Testing by MyBroadband revealed that The Courier Guy and Fastway easily outperformed the SA Post Office’s courier service, Speed Services.
The South African Post Office (SAPO) and Icasa are fighting to stop private courier companies from delivering packages under 1kg in South Africa.
According to the Post Office, it is the only licensed provider who can deliver reserved postal services under the Postal Services Act 124 of 1998.
Reserved postal services include all letters, postcards, printed matter, small parcels, and other postal articles up to and including 1kg.
Private courier companies have warned that it can have devastating consequences if the Post Office’s legal bid is successful.
They argue that the SA Post Office does not have the capacity to replace the services offered by private courier companies like FedEx, UPS, The Courier Guy, and Fastway.
MyBroadband decided to test the SA Post Office’s courier service, Speed Services, and compare it to two alternatives — The Courier Guy and Fastway.
Speed Services advertise various courier services, including door-to-door, counter-to-counter, and counter-to-door parcel delivery.
According to the Speed Services website, all three of these services offer next day delivery, with the door-to-door and counter-to-door service promising delivery by 10:30.
The Courier Guy and Fastway offer similar services, including door-to-door next-day deliveries.
Courier delivery test results
MyBroadband tested the courier services by sending Chipfox tracking devices between our Centurion office and an address in Port Elizabeth.
We hit an immediate snag with the Post Office’s Speed Services when we tried to arrange door-to-door delivery. We received no response via email, and the contact number to arrange collection was not answered, even after holding for more than 30 minutes.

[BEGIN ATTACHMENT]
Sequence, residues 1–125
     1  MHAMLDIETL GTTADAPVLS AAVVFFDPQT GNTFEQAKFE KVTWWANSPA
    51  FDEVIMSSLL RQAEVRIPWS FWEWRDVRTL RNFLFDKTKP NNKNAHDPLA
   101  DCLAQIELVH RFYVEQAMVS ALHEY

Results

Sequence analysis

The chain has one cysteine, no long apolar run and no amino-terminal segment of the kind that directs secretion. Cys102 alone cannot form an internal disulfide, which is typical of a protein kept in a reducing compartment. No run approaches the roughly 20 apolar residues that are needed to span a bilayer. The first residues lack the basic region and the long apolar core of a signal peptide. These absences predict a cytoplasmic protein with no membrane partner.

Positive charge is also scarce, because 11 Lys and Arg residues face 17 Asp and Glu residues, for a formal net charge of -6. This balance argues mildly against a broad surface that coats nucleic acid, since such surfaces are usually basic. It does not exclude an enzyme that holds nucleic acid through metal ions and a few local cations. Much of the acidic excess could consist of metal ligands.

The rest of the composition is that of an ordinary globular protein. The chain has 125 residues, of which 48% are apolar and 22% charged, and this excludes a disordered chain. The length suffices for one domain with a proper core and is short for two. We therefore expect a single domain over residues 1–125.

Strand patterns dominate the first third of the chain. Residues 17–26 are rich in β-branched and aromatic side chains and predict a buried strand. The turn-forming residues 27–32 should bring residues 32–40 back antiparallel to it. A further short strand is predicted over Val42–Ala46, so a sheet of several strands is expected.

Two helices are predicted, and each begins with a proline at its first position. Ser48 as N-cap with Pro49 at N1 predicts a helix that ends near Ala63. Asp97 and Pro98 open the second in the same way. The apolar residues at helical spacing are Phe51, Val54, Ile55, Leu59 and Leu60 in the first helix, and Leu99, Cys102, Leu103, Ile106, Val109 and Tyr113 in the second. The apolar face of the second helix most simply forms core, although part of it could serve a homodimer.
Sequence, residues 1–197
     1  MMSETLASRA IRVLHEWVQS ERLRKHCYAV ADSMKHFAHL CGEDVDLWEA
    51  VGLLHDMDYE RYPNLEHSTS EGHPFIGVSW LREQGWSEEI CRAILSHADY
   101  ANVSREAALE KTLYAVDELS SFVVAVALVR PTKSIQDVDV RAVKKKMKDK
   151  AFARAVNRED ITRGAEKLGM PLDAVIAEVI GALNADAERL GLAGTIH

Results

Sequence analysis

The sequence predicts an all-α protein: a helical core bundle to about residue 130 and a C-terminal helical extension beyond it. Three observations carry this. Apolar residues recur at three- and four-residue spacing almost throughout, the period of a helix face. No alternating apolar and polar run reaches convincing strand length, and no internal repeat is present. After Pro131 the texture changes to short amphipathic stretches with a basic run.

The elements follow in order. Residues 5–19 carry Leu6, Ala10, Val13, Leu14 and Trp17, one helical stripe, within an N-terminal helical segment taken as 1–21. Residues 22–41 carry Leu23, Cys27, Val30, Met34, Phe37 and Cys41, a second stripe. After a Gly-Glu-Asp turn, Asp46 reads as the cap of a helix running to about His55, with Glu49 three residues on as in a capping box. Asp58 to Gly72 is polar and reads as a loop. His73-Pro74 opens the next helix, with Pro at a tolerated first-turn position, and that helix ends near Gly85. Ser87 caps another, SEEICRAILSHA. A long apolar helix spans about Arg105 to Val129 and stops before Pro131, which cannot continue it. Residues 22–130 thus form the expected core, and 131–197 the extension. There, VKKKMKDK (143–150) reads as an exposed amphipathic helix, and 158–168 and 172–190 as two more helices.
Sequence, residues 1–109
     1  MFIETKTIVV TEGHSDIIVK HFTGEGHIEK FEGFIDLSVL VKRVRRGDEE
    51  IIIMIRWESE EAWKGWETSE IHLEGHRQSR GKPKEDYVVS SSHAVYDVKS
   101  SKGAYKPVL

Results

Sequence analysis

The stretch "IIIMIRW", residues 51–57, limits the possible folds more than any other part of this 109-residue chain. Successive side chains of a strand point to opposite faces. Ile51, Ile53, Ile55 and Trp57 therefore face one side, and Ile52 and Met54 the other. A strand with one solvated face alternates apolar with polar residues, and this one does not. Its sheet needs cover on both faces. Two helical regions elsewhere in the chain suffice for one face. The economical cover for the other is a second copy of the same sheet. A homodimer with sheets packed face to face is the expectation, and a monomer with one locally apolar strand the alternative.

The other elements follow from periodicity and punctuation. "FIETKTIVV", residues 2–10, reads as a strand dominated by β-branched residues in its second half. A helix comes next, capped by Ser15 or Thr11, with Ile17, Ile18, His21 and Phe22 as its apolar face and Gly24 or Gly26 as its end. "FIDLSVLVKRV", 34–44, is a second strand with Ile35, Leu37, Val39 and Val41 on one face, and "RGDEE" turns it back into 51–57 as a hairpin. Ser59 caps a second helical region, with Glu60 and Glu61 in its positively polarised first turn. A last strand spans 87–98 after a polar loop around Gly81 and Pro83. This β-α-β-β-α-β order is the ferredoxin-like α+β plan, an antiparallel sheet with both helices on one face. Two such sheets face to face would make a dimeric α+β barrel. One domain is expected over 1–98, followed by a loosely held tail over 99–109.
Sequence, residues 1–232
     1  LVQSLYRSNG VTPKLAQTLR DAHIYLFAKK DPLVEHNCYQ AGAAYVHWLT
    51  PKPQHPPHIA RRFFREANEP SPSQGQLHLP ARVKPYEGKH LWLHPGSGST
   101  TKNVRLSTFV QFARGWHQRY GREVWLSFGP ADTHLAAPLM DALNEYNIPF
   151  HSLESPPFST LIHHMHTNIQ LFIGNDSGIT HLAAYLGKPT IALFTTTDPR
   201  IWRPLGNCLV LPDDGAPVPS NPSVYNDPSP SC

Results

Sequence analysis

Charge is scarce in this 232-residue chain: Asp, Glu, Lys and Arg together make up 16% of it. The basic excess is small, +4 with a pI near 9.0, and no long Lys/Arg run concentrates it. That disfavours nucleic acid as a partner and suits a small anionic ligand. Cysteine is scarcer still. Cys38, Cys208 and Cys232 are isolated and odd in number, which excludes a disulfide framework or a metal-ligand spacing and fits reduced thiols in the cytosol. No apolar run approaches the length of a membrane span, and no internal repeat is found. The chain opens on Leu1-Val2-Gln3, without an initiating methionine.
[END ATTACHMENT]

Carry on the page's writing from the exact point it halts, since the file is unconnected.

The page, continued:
We had to settle for counter-to-door services from Speed Services, which required us to visit a Post Office to send the package.
Our results showed that The Courier Guy and Fastway comfortably outperformed Speed Services.
The Courier Guy parcel arrived at our test recipient’s door in Port Elizabeth the next working day, as promised.
The parcel sent with Fastway took two working days, which is well within the promised 2 to 3 working day delivery.
The Speed Services counter-to-counter parcel was delivered to a Post Office branch close to the recipient four working days after being sent.
The counter-to-door parcel was delivered after two working days, a day later than what was promised.
We also tested a return trip from Port Elizabeth to Centurion. This was done in early December when the courier services were busy.
The Courier Guy parcel took three working days to be delivered, which was slower than the expected delivery time.
Fastway delivered the package within two working days, which was impressive considering the busy period during which we sent it.
The parcels sent using Speed Services counter-to-counter and counter-to-door services took six and seven working days, respectively.
The Post Office’s Speed Services was much slower than the rest and did not deliver what it promised.
The table below provides a summary of the results. The images below the table show the movement of the packages with data from our IoT GPS devices.
|Courier||Service||Advertised delivery||Delivery from PTA to PE||Delivery from PE to PTA||Price|
|The Courier Guy||Overnight||1 working day||1 working day||3 working days||R149.50|
|Fastway||National Satchel||2 to 3 working days||2 working days||2 working days||R86.25|
|Speed Services||Counter-to-Counter||1 working day||4 working days||6 working days||R50.12|
|Speed Services||Counter-to-Door||1 working day||2 working days||7 working days||R50.85 + R13.02 Fuel levy|